The structural integrity of natural and engineered materials relies on chemical or mechanical bonding between the building blocks of which they consist. Materials whose building blocks are not joined, but rather interlocked topologically, possess remarkable mechanical and functional properties. We show that identical elements, in the shape of the five platonic solids, can be arranged into layer-like structures in which they are interlocked topologically. It is shown that truncated icosahedra (buckyballs) can also be arranged in a layer with topological interlocking. The geometrical possibility of such assemblies opens up interesting avenues in the design of structures and materials.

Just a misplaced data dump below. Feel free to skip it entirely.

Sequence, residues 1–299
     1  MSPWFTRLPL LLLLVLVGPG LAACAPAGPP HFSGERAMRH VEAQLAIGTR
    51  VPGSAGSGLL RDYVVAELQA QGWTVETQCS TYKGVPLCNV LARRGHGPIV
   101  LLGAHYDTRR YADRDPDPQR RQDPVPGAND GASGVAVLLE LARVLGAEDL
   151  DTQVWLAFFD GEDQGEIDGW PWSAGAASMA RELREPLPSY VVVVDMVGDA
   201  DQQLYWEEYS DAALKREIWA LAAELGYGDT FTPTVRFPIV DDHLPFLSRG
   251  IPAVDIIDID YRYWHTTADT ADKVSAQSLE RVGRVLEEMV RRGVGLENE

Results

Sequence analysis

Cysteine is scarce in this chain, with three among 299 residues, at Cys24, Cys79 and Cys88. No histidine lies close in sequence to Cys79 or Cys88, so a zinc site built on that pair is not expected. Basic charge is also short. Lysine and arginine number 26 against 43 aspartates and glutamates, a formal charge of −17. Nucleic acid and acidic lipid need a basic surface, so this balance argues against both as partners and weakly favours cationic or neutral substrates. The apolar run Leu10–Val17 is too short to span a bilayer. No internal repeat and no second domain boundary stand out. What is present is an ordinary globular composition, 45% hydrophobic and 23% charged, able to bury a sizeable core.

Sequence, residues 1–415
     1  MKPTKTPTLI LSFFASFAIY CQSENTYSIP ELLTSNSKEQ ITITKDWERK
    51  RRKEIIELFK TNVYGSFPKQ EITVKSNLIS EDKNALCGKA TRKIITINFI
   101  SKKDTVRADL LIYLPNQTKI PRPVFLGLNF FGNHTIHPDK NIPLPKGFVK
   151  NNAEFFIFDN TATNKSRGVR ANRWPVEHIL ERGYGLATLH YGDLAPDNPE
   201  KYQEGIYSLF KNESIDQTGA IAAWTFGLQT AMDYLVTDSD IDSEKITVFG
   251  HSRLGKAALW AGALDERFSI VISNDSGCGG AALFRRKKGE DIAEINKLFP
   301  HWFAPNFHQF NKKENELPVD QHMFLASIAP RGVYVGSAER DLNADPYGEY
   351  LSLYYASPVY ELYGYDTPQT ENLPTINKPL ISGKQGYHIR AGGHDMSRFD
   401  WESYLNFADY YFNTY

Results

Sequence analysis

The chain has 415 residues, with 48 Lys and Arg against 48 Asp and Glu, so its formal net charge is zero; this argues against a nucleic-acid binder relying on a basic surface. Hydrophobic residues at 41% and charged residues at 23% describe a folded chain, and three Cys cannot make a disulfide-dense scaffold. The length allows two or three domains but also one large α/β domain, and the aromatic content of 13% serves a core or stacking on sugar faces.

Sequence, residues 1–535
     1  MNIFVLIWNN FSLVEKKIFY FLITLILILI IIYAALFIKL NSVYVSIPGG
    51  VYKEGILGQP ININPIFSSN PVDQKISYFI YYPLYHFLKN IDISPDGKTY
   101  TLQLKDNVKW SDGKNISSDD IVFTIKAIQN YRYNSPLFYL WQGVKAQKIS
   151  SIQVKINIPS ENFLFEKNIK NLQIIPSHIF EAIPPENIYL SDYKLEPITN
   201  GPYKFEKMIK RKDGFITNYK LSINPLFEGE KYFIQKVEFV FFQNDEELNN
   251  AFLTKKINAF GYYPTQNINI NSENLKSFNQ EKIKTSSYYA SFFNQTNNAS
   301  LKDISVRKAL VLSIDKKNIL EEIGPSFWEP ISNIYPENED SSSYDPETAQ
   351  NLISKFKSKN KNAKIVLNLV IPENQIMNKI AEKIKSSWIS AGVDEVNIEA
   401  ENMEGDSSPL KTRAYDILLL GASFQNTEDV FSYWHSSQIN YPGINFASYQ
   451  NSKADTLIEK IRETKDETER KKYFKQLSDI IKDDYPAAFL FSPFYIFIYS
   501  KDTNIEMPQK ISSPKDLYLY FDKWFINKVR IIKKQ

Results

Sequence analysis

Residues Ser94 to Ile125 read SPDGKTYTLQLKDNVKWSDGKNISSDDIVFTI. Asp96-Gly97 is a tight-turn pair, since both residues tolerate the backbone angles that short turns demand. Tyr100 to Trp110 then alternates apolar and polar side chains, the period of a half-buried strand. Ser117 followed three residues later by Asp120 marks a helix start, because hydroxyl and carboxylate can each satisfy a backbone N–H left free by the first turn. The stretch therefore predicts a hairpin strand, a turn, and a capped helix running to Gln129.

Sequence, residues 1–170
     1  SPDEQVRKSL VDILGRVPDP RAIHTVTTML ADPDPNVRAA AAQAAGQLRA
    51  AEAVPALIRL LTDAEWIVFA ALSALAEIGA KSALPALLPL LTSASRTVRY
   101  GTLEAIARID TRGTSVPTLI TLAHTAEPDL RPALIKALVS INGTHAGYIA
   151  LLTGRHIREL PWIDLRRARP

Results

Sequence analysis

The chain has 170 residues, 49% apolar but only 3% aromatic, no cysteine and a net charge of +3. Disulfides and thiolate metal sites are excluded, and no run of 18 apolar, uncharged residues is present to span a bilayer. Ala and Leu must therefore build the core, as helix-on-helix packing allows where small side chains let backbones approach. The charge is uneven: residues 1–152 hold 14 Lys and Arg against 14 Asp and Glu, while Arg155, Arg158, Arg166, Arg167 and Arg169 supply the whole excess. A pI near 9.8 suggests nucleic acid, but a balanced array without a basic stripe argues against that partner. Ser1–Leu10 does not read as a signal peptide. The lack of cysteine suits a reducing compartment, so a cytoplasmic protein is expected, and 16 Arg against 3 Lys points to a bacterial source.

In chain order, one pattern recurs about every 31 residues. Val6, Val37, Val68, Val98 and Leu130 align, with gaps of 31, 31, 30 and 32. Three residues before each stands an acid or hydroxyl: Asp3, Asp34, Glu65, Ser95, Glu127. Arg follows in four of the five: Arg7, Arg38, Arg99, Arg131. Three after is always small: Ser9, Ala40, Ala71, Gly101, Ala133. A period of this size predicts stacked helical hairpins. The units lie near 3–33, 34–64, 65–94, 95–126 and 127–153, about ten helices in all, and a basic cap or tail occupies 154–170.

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ACKNOWLEDGEMENTS Support from the Australian Research Council through a Discovery Grant is acknowledged. Y. E. and A. K.-B. acknowledge financial support from the University of Western Australia through the Department of Civil and Resource Engineering (Y. E.) and a Gledden Fellowship (A. K.-B.). The authors are grateful to B. H. G. Brady, J. Dell, M. Fahey, L. Faraone, E. A. Katz and M. F. Randolph for stimulating discussions.